You can ask the Court to list your application urgently by seeking an interlocutory order that the matter be given an urgent listing. Along with all the required application documents, an urgent application must be accompanied by:
- an Affidavit – Family law and child support stating the facts you rely on in support of the urgent application. If you are filing an affidavit with your Initiating application in any event, you can address the urgency of your application in that affidavit; you do not need to file a separate affidavit about urgency), and
- a cover letter as to urgency, outlining the nature of the application, and the basis upon which an urgent listing is required. The letter should refer to specific paragraphs of the affidavit on which you rely in support of the urgent application.
If you are seeking an urgent listing when you are first applying for parenting orders, you should include the urgent application in the interlocutory orders sought in your Initiating Application. If proceedings for parenting orders have already been started, you need to make your urgent application by filing an Application in a proceeding.
You can ask the Court to consider an urgent application by seeking appropriately worded orders, and providing evidence in a supporting affidavit outlining why the Court should list the matter for an early hearing date, or make an urgent order. The Court will consider the application based on the evidence provided, and will notify you of any further requirements or a listing date.
I want my application to be heard without notice to the other party
In extremely urgent situations, you can seek an urgent order to be made ex parte. This means the Court would deal with the matter immediately, and without notice to the other party.
Ex parte orders are usually only granted in matters where you can substantiate urgency by seeking appropriately worded urgent orders in the application. You will need to explain the grounds on which you are seeking urgent orders in your supporting affidavit.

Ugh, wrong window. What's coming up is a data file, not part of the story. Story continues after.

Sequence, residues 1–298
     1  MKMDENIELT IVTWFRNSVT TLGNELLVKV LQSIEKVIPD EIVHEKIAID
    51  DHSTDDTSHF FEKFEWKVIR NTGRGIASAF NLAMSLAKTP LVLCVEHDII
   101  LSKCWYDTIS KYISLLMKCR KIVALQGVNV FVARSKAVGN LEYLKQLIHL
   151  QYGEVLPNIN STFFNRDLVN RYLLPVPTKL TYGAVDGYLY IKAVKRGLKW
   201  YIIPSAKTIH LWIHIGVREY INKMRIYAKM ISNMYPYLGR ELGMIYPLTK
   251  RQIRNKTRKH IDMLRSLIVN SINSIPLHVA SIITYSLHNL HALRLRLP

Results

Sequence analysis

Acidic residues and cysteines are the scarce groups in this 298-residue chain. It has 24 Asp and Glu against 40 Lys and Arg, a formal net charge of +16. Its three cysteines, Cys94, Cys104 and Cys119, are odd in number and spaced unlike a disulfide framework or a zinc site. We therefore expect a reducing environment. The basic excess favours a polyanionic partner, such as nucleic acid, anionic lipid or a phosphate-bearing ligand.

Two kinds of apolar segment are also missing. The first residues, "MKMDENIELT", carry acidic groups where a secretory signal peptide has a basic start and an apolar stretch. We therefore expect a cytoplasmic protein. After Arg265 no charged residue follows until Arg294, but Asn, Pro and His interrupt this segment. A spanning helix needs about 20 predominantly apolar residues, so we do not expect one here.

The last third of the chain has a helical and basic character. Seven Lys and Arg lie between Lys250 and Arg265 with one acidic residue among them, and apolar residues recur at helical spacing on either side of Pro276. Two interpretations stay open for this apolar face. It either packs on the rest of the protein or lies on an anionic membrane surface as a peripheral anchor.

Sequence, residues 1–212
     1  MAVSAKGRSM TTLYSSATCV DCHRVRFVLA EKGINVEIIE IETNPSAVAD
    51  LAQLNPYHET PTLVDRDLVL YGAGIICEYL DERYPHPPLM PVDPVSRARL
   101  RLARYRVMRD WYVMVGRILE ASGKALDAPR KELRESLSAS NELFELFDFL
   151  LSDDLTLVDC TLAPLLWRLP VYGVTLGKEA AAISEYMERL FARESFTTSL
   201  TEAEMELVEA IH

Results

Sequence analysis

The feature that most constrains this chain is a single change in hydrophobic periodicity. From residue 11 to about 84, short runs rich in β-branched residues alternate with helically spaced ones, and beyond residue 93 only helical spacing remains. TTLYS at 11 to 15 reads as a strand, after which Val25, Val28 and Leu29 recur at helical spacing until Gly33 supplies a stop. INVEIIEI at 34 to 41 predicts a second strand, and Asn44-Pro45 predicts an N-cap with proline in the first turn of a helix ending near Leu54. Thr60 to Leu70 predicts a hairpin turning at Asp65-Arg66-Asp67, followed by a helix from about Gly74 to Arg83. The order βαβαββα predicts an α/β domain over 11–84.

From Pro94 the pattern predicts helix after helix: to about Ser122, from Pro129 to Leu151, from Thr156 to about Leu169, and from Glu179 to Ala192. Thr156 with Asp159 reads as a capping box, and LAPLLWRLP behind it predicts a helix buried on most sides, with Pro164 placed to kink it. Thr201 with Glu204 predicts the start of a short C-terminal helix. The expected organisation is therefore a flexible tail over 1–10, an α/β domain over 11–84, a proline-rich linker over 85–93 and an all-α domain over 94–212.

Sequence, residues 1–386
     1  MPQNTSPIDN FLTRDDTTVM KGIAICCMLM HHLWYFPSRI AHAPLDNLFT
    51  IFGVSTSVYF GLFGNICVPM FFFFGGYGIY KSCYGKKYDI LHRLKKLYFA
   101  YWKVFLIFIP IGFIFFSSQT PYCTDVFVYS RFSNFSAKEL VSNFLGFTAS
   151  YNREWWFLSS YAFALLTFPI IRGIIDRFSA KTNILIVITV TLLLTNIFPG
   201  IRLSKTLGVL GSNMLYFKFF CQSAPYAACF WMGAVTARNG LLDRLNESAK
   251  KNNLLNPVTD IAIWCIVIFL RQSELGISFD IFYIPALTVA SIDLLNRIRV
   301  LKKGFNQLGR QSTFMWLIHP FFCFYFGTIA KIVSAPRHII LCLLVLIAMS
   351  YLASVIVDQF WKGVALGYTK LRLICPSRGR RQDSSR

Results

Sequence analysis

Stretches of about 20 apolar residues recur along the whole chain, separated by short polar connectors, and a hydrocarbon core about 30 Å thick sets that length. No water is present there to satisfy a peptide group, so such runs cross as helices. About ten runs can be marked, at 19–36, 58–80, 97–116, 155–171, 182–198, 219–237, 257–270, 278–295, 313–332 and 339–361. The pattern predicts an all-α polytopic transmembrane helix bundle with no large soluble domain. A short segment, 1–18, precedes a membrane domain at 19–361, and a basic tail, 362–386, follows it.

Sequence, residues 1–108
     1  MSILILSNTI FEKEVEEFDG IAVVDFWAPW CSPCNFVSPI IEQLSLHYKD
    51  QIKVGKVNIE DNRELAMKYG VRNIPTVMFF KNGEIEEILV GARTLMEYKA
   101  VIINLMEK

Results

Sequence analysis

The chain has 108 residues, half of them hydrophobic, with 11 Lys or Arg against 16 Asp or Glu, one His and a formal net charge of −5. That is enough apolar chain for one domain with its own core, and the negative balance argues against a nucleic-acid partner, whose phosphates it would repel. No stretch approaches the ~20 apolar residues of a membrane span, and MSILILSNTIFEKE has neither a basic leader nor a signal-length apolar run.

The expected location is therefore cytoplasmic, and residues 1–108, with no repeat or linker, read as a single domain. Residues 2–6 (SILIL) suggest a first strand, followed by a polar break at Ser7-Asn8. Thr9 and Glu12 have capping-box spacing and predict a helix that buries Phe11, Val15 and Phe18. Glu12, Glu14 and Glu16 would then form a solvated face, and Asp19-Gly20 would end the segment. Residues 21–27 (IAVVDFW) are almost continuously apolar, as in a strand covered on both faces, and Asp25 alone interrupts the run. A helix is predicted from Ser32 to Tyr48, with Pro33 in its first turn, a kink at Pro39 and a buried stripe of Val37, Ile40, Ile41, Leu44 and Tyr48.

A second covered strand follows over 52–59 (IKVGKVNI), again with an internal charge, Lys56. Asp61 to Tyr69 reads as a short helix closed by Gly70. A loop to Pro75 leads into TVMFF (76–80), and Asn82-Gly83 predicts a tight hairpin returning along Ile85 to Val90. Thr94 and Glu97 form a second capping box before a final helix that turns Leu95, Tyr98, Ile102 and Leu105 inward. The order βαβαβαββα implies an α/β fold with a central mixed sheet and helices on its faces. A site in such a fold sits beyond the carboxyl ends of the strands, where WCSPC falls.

When applying for ex parte orders, you must comply with rule 5.11 of the Federal Circuit and Family Court of Australia (Family Law) Rules 2021.
Critical Incident List
The Court has established a Critical Incident List for applications that are filed in circumstances where no parent is available to care for a child or children, as a result of death (including homicide), critical injury or incarceration relating to a family violence incident. This List can be used when orders are sought for parental responsibility so that appropriate arrangements to be made for the child or children, such as engaging with schools or health care providers.
The procedure to apply to the Critical Incident List is set out in Family Law Practice Direction – Critical Incident List.
What if the Court is not open when I need to make an urgent application?
The Court has an out-of-hours service for emergencies: that is, if there is a risk that a child may be taken out of the country before the next working day.
Call the Court on 1300 352 000 and you will be referred to this emergency number.
You are not required to be represented by a lawyer, or to seek legal advice, before entering into consent orders or applying to the Court, or if you have been served with an application. However, family law is complex, and getting legal advice will help you to better understand your rights and responsibilities.
Practice directions are procedural guidelines issued by the Court. They complement legislation, rules and regulations. They provide specific direction about the practice and procedure that must be followed in certain types of proceedings.
Practice directions are issued by the Chief Justice/Chief Judge upon advice of judges of the Court, pursuant to the Court’s inherent power to control its own processes, as well as the power under the Federal Circuit and Family Court of Australia Act 2021 for the Court to give directions about the practice and procedure to be followed in a proceeding.
In general, practice directions are issued to:
- complement particular legislative provisions or rules of court
- set out more detailed procedures for particular types of proceedings, and
- notify parties and their lawyers of matters which require their attention.
Below are links to the practice directions that apply to this area of law:
- Family Law Practice Direction – Parenting proceedings (FAM-PARENTING) - sets out the procedural requirements and steps in proceedings about children.
- Family Law Practice Direction – Medical procedure proceedings (FAM-MEDICAL)
- Family Law Practice Direction – Passport proceedings (FAM-PASSPORT)
- Family Law Practice Direction – Surrogacy proceedings (FAM-SURROGACY)
- Family Law Practice Direction – Critical Incident List (FAM-CRITICAL)